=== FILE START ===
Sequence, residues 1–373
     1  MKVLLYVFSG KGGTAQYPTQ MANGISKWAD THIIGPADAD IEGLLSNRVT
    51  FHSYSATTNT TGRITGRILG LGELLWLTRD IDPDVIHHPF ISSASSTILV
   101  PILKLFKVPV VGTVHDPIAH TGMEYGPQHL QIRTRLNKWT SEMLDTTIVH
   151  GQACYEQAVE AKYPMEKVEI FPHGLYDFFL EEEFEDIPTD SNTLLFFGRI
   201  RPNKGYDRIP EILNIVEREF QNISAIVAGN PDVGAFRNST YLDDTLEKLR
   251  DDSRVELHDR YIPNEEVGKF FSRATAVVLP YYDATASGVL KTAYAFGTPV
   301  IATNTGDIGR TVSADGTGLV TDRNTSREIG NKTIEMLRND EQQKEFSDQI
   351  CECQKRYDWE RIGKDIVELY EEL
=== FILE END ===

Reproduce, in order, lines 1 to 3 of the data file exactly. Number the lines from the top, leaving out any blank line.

Sequence, residues 1–373
     1  MKVLLYVFSG KGGTAQYPTQ MANGISKWAD THIIGPADAD IEGLLSNRVT
    51  FHSYSATTNT TGRITGRILG LGELLWLTRD IDPDVIHHPF ISSASSTILV